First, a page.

Platinol (Cisplatin) for Myeloma | MyMyelomaTeam

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Platinol is a prescription medication approved by the U.S. Food and Drug Administration (FDA) for treating several types of cancer. Platinol is sometimes combined with other drugs such as VP-16, Cytoxan, and a corticosteroid in a chemotherapy regimen to treat myeloma. Platinol is also known by its drug name, cisplatin.

Platinol is an anti-cancer drug used in chemotherapy. Platinol is a member of a class of drugs called alkylating agents. Platinol is believed to work by preventing the production of DNA in cells, blocking cell division.

How do I take it?
Platinol is administered as an intravenous infusion during chemotherapy treatment.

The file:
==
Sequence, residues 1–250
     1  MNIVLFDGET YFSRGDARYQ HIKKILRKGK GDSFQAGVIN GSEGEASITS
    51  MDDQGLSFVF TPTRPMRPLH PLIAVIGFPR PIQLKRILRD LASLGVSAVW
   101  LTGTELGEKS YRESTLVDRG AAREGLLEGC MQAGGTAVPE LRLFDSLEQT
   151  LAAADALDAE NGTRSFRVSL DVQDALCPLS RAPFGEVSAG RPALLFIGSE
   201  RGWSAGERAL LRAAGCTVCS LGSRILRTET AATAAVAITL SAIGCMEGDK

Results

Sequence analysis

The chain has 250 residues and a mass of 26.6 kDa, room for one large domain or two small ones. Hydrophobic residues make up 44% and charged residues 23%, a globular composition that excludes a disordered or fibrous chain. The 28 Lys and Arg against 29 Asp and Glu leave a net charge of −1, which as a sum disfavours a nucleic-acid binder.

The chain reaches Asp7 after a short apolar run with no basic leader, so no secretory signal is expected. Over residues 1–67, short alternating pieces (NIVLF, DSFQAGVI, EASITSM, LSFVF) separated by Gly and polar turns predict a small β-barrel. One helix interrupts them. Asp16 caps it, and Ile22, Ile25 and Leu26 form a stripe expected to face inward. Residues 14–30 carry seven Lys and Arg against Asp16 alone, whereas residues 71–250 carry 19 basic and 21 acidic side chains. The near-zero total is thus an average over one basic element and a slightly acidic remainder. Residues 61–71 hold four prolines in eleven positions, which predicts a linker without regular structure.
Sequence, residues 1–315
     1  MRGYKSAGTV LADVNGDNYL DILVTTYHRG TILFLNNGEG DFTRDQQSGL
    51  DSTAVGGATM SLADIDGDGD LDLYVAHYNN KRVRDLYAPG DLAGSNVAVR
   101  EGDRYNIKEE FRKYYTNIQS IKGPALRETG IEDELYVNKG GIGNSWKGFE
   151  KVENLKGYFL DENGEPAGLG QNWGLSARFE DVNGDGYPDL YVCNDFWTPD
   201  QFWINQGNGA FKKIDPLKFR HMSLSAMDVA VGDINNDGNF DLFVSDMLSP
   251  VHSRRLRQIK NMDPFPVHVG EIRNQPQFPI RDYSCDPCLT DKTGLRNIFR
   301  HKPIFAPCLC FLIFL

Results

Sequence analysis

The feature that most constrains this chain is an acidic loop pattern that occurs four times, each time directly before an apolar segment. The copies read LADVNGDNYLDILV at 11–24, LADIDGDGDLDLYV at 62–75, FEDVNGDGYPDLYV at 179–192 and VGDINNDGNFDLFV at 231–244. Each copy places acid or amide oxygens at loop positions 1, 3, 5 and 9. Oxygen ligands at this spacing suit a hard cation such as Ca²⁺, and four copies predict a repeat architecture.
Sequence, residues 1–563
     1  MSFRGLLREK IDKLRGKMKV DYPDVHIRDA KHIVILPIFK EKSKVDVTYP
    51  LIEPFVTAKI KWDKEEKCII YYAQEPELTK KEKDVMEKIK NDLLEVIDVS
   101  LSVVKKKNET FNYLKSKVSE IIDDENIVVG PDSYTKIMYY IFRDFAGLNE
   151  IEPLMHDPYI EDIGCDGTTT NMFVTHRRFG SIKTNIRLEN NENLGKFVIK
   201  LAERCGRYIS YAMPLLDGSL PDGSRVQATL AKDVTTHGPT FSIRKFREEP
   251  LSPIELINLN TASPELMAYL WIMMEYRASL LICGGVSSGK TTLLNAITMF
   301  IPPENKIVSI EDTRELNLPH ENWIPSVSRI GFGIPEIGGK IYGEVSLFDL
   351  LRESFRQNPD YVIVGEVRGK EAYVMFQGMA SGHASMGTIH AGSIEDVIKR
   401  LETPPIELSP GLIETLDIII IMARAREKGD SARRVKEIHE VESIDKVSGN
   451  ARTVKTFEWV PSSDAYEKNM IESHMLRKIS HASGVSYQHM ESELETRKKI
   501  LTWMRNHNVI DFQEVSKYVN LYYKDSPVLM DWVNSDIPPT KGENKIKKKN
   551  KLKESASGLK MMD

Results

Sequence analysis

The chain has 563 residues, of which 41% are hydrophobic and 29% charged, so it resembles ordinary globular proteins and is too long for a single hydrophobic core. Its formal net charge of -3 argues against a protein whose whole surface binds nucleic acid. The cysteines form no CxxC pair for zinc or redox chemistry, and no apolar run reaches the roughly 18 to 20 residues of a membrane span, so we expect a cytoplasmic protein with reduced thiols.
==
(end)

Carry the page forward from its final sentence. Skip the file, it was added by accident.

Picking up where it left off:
Side effects
The FDA-approved label for Platinol lists common side effects including nausea, vomiting, diarrhea, damage to hearing, vision problems, neuropathy (nerve pain and tingling), and muscle cramps.

Rare but serious side effects listed for Platinol include kidney failure, deafness, permanent nerve damage, heart attack, stroke, increased risk for developing other cancers, hypersensitivity reactions, and fetal harm in pregnant women.

For more details about this treatment, visit:

Platinol — RxList

Drug Therapy for Multiple Myeloma — American Cancer Society

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